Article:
Check out this free resource from The National Child Traumatic Stress Network - Helping Young Children with Traumatic Grief: Tips for Caregivers. It outlines the feelings of young children struggling with the death of someone meaningful and offers suggestions on what caregivers can do to help.


In the article, It Matters: Early Childhood Mental Health, Educator Stress, and Burnout (Stein, Garay, Nguyen, 2022) from the Early Childhood Education Journal December 2022 issue it states that there is, “a relationship between teacher psychological stress and an increase in child behavioral problems and a lesser quality of teacher-provided emotional support. When home care providers had more support they had lower levels of stress, but also that professional support was harder to access for home care providers than ECEs in other settings. Additionally, there is some evidence that early childhood educators experience more stress than their K-12 counterparts, due to environments that are emotionally and financially challenging, limited resources, and a job that is often not highly regarded by society.”

What are we doing in Kansas to support the emotional health of our early care and education workforce? At KAIMH we are giving the early education workforce access to Reflective Supervision/Consultation as resource to support their mental health. Through partner funds from the Department for Children and Families and Kansas Child Care Training Opportunities we can connect early educators with a reflective supervision group at no cost to the provider.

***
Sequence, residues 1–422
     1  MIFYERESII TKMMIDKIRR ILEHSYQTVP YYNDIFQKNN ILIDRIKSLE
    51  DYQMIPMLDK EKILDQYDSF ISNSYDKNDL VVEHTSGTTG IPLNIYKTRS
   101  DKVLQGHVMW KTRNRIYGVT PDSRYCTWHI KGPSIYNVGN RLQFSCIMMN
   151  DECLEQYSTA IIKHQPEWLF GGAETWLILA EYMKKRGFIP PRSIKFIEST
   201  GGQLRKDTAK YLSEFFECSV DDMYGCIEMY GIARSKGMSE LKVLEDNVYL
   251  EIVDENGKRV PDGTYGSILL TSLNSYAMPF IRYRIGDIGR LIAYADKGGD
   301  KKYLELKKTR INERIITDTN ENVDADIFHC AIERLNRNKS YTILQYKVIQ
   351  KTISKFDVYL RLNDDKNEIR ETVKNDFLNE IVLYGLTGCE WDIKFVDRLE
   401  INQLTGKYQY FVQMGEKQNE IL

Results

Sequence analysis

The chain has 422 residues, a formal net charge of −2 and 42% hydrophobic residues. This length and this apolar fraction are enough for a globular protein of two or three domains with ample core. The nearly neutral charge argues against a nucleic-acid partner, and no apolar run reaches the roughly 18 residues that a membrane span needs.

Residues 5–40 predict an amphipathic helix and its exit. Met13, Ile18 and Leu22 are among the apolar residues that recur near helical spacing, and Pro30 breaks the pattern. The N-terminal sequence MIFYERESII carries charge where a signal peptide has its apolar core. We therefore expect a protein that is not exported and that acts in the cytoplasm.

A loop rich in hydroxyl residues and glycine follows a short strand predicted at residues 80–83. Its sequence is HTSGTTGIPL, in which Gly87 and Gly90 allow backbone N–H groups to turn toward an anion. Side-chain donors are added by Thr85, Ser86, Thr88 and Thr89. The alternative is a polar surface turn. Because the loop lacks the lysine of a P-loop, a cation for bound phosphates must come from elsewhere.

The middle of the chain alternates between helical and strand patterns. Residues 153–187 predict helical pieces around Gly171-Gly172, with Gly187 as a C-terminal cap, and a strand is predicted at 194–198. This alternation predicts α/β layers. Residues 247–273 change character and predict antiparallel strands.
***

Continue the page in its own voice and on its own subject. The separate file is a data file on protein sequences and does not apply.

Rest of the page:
Let us know if you are interested in joining a Reflective Supervision/ Consultation group and we will connect you!

If you want to advocate for the mental well-being of young children and their direct care providers, contact All In For Kansas Kids to find out how you can be a voice for this important need.

Stein R, Garay M, Nguyen A. It Matters: Early Childhood Mental Health, Educator Stress, and Burnout. Early Child Educ J. 2022 Dec 30:1-12. doi: 10.1007/s10643-022-01438-8. Epub ahead of print. PMID: 36619683; PMCID: PMC9803254.



How do you teach young children about racial and social justice? Early education has often taken two approaches – to either teach children to be “color blind” or celebrate our differences. Teaching acceptance and kindness is a worthy approach, but what about understanding the system of racism that continues to be a part of their world? Infants begin to notice racial differences between 3-6 months and by age two and a half children they can begin making decisions about other’s behaviors based on their race. To teach children about anti-racism, adults need to have early conversations that breakdown racial myths. Choosing to avoid talking about race can be a form of white privilege. Books can be an excellent way to share experiences through others’ viewpoints and start these conversations. Books for Littles has a list of suggested books for ages 2 and up.